Japanese uses three systems of writing: Kanji, or Chinese-derived pictograms, Furigana (two syllabaries used with native Japanese and foreign loan words respectively), and Romaji, the English alphabet (used mainly--and sparingly--with media for young people). The Kanji represent ideas, and often have several sounds ascribed to them depending on the context.
For those of us studying the language, I've included both a full Japanese transcription, which uses both Kanji and Furigana, and a Romaji version which complements it. In other words, for those of you seriously studying Japanese, you ultimately want to be able to read the Kanji/Furigana version, but if you are still learning the Furigana and/or know only a few Kanji, the Romaji will provide the sounds of those words so you can easily look them up in a dictionary and know the correct pronunciation.
Remember that for every Kanji used, that character could also be a represented by one or more Furigana syllables. In conventional Japanese certain words which could be represented by Kanji are often written using the simpler-to-use Furigana. For the sake of completeness and study, however, I've used many Kanji which are optional in daily use. This is handy to know when you are reading something else and find a familiar set of sounds without the memory aid of the Kanji pictogram there.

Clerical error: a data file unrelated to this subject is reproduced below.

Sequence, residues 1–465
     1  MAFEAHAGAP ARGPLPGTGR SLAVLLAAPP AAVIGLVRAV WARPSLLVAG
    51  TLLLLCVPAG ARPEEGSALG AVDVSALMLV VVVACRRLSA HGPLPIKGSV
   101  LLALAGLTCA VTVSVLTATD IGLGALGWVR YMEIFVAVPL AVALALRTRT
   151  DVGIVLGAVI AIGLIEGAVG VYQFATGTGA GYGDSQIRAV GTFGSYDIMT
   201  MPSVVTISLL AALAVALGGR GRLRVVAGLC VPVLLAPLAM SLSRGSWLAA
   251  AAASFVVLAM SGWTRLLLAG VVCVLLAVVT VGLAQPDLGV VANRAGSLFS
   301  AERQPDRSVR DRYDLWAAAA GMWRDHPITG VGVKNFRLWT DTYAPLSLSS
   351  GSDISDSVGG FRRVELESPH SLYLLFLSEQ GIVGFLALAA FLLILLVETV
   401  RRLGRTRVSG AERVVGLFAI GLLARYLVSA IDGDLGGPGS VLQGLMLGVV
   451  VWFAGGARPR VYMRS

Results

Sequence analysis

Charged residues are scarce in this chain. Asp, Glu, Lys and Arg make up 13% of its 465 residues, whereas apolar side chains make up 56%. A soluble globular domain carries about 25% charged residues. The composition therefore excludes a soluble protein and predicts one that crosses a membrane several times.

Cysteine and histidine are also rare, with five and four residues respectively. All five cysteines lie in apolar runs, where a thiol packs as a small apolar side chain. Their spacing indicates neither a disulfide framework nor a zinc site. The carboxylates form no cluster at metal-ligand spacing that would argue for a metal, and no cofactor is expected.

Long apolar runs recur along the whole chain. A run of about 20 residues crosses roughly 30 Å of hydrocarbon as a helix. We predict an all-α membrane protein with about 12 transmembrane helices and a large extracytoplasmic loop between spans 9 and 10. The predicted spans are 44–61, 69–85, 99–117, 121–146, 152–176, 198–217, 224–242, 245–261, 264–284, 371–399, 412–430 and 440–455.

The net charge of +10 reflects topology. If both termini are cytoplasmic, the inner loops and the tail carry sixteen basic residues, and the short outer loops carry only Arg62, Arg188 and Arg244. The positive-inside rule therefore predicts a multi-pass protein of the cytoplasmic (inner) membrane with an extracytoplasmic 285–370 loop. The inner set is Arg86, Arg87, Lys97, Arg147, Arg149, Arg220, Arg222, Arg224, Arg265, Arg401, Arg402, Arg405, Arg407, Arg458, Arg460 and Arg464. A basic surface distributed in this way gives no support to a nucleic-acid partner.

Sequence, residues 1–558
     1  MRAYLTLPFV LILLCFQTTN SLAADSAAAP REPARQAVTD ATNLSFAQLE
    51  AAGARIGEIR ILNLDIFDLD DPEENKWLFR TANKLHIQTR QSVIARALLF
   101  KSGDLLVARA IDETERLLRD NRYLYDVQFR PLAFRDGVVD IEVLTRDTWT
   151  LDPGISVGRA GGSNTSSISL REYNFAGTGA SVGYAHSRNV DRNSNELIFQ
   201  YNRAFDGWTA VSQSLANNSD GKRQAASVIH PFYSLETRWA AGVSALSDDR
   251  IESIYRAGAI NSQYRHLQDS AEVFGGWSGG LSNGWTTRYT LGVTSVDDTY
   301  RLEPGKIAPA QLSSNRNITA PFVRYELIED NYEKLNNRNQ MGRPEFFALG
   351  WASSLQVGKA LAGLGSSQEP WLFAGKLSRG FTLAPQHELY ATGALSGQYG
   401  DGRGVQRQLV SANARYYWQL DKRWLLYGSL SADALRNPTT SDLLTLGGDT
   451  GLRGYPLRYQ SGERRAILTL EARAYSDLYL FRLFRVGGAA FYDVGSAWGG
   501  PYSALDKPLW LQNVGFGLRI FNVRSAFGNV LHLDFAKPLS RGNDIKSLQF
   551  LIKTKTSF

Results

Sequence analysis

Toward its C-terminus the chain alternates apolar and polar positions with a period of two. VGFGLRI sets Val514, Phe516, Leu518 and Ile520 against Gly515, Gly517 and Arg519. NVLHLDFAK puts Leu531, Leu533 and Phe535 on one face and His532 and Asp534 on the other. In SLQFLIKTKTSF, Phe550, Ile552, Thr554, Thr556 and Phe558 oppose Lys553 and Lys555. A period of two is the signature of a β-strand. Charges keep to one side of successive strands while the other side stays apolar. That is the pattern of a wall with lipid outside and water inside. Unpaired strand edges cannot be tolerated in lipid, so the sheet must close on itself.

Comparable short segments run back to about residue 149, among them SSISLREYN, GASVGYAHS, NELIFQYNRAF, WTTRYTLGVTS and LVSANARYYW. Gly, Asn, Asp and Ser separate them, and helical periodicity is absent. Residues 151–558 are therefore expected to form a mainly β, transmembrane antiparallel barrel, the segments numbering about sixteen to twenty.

In normal Japanese no spacing is used between words, which I'll honor here, but for the Romaji version my spacing will have to be a little arbitrary. If you have trouble finding a word in a dictionary, experiment with splitting the word to see if you can get two. Likewise, if you're looking up a word starting with "o" and having trouble, try dropping it. It's often just an honorific.
You might find you have a lot
of trouble find words in the dictionary—this is perfectly normal. Japanese, as an agglutinative
language, simply adds words onto other words like glue (especially verbs) or will use a sort of conjugation system to change a word’s meaning, rendering its spelling very different from the original. You may have to skip certain words until your grammatical knowledge improves.
I've made every effort to align my transcription with the English translation for ease of study, but Japanese, on top of more or less reversing English word order, also will usually reverse the order of phrases in long sentences (compare the "photo" stanza of the opening theme for an example).
In Furigana, the symbol for "ha" is pronounced "wa" when it's used in the sense of "is," and the symbol for "he" is pronounced "e" when used in the sense of (to go) "to."
One last note on Romaji: Japanese has a long "O" sound which is variably represented in Romaji as "ou" ("oo" for a few words) and an O with a line over it. Your dictionary could use one or the other. I'll use ou/oo (easier to type!).
You'll notice a few spots marked with asterisks (*); these follow the occasional word or sentence that I had trouble hearing. If you think you know the correct language, or spot an error in the text, write me at linn.cole_!REMOVEfirstname.lastname@example.org .